Celebrity Death

ImageI was tooling around the internet this afternoon when news broke that one of my favorite actors, Philip Seymour Hoffman, had passed away.  Initial reaction was that of shock and dismay (which mirrored my own emotions) but quickly I started to see others mention his passing with a mix of disdain and judgement for a variety of reasons.  The majority of the negative reactions were linked to reports indicated his death was due to a heroin overdose; others were tied to the fact that he is one out of many that will die today and he is no less important than any other human on the planet.  It made me stop and think about the nature of celebrity and how the death of someone famous impacts others.

When my father died, it was an Event in my life.  It’s the most impactful loss I’ve ever had.  I remember sitting in the church as his services were about to begin and feeling the seeds of anger that more people weren’t there.  My father meant the world to me, and even though he was gone I felt the recognition of his passing was an important recognition of respect for the man.  These emotions were short-lived, and I knew that just because people didn’t make the 60 mile trip to Pawhuska for his funeral didn’t mean they didn’t care.  I also knew that the impact my father had on my life was unique to me, even compared to my brother, and transposing that impact to others was not fair. 

The reason I was sad when I saw Hoffman died came from of a different place, naturally.  I mourned the loss of a man that had brought entertainment and thoughtful reflection into my life.  The best compliment an actor in any medium can get is that they made you FEEL something, and PSH was very good at his craft.  In fact, my girlfriend couldn’t stand him because of how creepy he was in ‘Doubt’ where he played an abusive priest.  I don’t feel sad because I’ve lost a friend or a family member; I am selfishly sad because I have lost any future opportunities for this man’s work to make me feel and to make me think.  Although I never met the man personally, he still had an impact on my life.  I feel sorry for his family and friends, as 46 years old is too early to lose anyone.  Drug addiction is a terrible battle, and one so many people lose. 

I don’t understand the people that shout ‘Good Riddance’ or say someone shouldn’t be grieved because their death was something within their control.  People make decisions every day that affect the course of their life.  When those decisions result in an irreversible outcome, especially when that outcome is only self-inflicted, it’s something other people should use as a learning experience rather than an opportunity to stand on a soap box.  It’s sad when anyone dies, because that person meant something to someone else.  Do not write off the death of a celebrity because they meant nothing to you.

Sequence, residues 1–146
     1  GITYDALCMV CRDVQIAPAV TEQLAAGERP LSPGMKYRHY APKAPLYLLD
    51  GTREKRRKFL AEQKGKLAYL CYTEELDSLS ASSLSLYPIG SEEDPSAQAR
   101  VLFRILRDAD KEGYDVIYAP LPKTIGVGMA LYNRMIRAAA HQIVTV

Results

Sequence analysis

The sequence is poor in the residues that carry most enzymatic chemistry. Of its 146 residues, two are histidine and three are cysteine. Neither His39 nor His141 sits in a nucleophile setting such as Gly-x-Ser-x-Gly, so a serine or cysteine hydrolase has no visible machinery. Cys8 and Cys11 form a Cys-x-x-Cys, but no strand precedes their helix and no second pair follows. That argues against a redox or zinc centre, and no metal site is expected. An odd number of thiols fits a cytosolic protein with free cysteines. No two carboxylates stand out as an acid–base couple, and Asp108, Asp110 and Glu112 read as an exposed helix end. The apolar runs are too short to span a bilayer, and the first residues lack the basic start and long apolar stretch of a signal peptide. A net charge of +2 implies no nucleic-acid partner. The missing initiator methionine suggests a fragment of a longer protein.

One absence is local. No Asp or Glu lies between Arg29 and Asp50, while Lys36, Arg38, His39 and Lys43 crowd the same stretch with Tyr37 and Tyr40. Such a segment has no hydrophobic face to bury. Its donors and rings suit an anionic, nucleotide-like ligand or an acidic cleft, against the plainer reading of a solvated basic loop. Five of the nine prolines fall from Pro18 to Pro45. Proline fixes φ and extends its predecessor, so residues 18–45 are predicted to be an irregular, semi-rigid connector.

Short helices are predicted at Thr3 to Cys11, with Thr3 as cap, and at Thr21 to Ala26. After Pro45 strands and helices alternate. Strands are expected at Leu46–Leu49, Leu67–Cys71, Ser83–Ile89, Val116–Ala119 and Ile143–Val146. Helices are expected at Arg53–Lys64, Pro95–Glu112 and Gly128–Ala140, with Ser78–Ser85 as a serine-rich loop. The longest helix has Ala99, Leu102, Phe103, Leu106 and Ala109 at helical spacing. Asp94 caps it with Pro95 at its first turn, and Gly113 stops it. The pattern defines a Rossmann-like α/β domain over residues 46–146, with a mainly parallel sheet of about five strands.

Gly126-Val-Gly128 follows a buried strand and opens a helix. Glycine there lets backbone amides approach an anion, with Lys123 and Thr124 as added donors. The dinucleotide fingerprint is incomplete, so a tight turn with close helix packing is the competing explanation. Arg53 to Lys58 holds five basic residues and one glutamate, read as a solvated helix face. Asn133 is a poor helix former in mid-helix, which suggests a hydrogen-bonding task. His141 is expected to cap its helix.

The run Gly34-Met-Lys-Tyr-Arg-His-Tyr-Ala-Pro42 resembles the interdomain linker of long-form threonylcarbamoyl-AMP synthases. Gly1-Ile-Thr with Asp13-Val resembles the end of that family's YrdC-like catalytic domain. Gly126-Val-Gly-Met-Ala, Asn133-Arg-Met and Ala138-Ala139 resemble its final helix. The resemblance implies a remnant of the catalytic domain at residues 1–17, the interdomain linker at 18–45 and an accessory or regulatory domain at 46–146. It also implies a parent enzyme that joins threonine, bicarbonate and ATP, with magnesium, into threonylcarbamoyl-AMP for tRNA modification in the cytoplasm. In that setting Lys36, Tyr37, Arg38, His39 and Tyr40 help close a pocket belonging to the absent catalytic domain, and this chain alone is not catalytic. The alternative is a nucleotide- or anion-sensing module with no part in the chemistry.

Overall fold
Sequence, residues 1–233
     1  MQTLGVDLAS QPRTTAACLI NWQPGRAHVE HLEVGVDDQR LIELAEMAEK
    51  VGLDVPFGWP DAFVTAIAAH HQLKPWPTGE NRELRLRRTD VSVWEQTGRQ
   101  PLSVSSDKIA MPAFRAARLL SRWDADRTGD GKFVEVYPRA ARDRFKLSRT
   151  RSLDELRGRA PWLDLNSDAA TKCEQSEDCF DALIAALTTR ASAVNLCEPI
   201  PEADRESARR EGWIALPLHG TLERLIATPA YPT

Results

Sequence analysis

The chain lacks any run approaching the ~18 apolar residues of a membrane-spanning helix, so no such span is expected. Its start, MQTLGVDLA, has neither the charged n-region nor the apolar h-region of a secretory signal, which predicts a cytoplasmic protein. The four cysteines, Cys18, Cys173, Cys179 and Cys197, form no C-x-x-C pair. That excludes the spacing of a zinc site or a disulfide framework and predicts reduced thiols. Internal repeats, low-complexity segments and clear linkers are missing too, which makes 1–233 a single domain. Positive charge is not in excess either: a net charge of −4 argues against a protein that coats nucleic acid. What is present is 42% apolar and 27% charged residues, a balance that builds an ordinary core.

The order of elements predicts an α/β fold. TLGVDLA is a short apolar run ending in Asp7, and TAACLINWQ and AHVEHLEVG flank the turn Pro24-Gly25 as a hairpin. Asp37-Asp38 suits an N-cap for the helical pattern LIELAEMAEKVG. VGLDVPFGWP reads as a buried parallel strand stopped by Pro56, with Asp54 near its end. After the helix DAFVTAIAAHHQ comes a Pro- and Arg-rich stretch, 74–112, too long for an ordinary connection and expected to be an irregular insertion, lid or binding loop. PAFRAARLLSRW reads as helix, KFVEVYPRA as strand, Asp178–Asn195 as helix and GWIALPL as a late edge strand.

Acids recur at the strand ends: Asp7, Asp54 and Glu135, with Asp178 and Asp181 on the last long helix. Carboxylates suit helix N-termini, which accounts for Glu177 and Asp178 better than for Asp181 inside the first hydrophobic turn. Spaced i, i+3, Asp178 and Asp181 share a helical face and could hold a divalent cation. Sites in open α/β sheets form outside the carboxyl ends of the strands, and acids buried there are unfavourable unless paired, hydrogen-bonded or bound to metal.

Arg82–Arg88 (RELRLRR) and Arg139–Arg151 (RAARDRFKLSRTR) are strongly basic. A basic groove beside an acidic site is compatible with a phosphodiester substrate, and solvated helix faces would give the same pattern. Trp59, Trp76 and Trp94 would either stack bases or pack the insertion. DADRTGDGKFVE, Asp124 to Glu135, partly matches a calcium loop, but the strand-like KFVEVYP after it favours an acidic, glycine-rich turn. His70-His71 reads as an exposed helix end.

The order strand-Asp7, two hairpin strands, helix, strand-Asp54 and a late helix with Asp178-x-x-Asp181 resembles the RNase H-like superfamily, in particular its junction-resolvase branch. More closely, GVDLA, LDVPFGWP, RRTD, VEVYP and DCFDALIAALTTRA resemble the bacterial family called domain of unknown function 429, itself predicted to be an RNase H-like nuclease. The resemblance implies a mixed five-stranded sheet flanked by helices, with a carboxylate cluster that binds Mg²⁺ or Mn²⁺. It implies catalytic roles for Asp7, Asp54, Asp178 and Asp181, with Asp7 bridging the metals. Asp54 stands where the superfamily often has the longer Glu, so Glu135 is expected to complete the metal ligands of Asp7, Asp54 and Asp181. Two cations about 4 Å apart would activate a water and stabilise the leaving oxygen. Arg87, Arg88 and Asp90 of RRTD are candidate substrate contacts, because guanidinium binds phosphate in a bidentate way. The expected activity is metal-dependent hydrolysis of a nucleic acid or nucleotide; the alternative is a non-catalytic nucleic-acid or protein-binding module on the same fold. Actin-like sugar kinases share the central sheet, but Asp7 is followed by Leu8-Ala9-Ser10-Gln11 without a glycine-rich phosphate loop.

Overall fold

About rhysfunk

Rhys Martin was born in Tulsa, Oklahoma in 1981. In 2009, he sold everything he owned and left the country, living out of a backpack for ten months. He discovered a passion for photography while traveling throughout Southeast Asia and Europe. After returning home, he looked at his home town and Oklahoma heritage with fresh eyes. When he began to explore his home state, Rhys turned his attention to historic Route 66. As he became familiar with the iconic highway, he began to truly appreciate Oklahoma’s place along the Mother Road. He has traveled all 2,400 miles of Route 66, from Chicago to Los Angeles. He has also driven many miles on rural Oklahoma highways to explore the fading Main Streets of our small towns. Rhys has a desire to find and share the unique qualities of the Sooner State with the rest of the world. Cloudless Lens Photography has been featured in several publications including This Land, Route 66 Magazine, Nimrod Journal, Inbound Asia Magazine, The Oklahoman, and the Tulsa World. Rhys loves to connect with people and share his experiences; ask him about enjoyable day trips from Tulsa, locations along Route 66, and good diners or burger joints along the way.
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